The Battle of Waterloo was a major and the last military engagement of the Napoleonic Wars. It was fought between Napoleon’s army and the Seventh Coalition forces, led by the Duke of Wellington and Gebhard von Blücher, on June 18, 1815, near the Belgian town of Waterloo. The outcome of this fiercely-fought military encounter was a fatal blow inflicted by British forces on Napoleon, marking the end of his Hundred Days Campaign and his ambition to perpetuate himself as an emperor of a European dominant empire. One of the consequence of the Battle of Waterloo was the emergence of Great Britain as the world’s hegemonic power. Having been defeated, Napoleon Bonaparte was exiled to the island of Saint Helena, in the middle of the Atlantic, where he spent the rest of his days until he died in 1821.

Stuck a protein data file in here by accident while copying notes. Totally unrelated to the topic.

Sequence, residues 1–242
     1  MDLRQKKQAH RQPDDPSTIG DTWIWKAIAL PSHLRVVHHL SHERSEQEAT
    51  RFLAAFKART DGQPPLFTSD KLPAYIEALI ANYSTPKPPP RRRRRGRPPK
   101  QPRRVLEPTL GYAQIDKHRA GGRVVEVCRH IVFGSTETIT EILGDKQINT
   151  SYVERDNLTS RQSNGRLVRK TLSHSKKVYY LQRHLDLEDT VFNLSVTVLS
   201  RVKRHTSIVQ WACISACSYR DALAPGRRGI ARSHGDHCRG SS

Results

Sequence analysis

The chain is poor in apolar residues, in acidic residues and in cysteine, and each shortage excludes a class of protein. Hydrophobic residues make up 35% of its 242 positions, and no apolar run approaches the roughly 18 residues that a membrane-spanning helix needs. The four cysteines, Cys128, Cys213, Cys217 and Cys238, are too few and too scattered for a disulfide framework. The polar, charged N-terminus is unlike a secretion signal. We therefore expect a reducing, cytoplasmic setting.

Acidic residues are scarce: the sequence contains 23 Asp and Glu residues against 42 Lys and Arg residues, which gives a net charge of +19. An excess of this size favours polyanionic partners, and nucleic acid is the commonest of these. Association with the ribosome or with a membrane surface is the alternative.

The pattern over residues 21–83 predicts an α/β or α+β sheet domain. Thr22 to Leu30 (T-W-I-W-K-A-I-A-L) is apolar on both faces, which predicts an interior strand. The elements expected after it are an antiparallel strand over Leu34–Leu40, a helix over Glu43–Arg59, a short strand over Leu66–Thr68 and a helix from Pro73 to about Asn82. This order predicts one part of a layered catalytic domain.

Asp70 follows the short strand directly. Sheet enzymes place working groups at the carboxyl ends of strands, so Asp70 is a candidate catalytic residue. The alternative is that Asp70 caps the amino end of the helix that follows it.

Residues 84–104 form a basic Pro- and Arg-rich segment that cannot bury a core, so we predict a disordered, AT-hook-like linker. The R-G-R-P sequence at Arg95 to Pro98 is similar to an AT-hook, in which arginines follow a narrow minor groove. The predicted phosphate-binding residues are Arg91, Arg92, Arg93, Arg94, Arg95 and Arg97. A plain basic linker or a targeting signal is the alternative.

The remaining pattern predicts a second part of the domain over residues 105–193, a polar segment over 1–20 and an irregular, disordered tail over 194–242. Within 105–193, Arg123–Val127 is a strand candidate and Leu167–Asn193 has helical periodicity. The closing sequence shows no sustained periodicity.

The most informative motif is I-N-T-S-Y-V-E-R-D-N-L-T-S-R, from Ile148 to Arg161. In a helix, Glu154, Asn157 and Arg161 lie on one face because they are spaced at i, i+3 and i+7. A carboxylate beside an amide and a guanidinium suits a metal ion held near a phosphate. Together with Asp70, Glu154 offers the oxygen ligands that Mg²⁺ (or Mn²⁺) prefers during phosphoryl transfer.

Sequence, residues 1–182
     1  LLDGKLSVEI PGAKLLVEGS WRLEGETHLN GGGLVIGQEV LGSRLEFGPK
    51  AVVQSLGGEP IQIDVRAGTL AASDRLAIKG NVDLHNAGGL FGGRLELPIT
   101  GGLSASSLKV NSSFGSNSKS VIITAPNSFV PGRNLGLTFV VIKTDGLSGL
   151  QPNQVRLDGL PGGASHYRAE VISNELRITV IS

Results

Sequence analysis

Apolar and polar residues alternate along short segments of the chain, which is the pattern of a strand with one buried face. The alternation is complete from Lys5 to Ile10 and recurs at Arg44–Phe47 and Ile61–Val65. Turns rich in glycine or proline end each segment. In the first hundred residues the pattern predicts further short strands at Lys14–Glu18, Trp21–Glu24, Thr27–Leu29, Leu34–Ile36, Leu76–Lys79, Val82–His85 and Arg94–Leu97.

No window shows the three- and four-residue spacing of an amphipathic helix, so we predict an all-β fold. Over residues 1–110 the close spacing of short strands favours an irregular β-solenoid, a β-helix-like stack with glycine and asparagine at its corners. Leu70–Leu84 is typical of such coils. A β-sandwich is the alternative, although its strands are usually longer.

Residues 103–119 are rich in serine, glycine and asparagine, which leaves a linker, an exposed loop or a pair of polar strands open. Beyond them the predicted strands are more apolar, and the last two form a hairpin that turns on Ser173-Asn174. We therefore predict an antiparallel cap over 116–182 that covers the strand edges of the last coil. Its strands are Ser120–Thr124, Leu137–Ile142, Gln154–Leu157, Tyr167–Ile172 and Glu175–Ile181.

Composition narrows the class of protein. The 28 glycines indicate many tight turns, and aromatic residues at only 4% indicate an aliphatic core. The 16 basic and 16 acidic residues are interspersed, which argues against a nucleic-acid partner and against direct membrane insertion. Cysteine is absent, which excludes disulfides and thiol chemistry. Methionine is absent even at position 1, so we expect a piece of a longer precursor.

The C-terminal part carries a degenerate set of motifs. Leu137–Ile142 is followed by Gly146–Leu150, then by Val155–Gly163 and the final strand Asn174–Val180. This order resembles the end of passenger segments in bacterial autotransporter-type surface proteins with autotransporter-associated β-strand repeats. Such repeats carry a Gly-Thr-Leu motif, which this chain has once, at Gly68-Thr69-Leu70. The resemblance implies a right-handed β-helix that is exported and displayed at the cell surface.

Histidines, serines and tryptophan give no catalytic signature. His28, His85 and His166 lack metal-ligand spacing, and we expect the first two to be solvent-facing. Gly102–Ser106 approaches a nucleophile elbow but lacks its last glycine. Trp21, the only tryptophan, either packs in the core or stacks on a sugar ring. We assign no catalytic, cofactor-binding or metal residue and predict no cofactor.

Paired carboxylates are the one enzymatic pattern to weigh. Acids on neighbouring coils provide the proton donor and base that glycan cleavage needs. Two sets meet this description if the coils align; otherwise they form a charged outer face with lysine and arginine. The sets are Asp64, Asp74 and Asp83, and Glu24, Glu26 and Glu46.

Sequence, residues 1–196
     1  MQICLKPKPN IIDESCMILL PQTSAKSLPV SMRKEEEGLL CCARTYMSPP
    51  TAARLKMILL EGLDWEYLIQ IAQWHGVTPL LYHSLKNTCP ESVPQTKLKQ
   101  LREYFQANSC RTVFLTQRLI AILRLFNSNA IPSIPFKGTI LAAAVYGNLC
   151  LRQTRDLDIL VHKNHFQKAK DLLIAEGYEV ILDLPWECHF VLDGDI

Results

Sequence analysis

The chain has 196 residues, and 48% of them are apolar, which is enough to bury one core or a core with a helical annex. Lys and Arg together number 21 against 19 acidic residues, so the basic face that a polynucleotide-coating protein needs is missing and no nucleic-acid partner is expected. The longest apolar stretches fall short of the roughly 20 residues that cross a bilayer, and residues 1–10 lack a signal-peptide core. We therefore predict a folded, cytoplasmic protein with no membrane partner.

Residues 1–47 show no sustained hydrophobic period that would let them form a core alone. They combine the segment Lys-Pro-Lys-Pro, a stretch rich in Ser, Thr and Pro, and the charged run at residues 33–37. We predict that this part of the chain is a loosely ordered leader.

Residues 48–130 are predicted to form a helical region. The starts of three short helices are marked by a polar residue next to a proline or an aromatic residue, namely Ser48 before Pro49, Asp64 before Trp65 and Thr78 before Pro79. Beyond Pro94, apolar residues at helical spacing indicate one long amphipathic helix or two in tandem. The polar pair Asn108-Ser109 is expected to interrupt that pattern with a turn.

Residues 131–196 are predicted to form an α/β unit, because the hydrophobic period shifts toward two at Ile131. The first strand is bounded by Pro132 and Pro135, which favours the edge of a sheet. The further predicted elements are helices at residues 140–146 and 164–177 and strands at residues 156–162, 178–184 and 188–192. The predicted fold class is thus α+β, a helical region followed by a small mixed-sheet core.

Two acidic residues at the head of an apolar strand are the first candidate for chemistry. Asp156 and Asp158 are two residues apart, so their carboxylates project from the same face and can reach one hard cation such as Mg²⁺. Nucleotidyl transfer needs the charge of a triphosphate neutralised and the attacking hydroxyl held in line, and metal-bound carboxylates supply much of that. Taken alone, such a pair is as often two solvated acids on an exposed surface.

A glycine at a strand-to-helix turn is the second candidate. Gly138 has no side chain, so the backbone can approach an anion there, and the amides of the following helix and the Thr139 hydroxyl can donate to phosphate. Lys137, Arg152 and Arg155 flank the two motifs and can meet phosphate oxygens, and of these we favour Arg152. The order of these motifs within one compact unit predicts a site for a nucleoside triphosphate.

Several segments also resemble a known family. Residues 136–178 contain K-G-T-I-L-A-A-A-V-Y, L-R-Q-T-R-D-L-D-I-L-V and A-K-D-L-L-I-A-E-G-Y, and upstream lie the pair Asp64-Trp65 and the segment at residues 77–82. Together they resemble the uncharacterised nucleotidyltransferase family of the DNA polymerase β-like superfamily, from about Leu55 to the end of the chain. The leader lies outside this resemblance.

The Battle of Waterloo was fought thirteen kilometres south of Brussels between the French, under the command of Napoleon Bonaparte, and the Allied armies commanded by the Duke of Wellington from Britain and General Blücher from Prussia. The French defeat at Waterloo drew to a close 23 years of war beginning with the French Revolutionary wars in 1792 and continuing with the Napoleonic Wars from 1803. There was a brief eleven-month respite when Napoleon was forced to abdicate, exiled to the island of Elba. However, the unpopularity of Louis XVIII and the economic and social instability of France motivated him to return to Paris in March 1815. The Allies soon declared war once again. Napoleon's final defeat at Waterloo marked the end of the Emperor's final bid for power, the so-called '100 Days', and the final chapter in his remarkable career.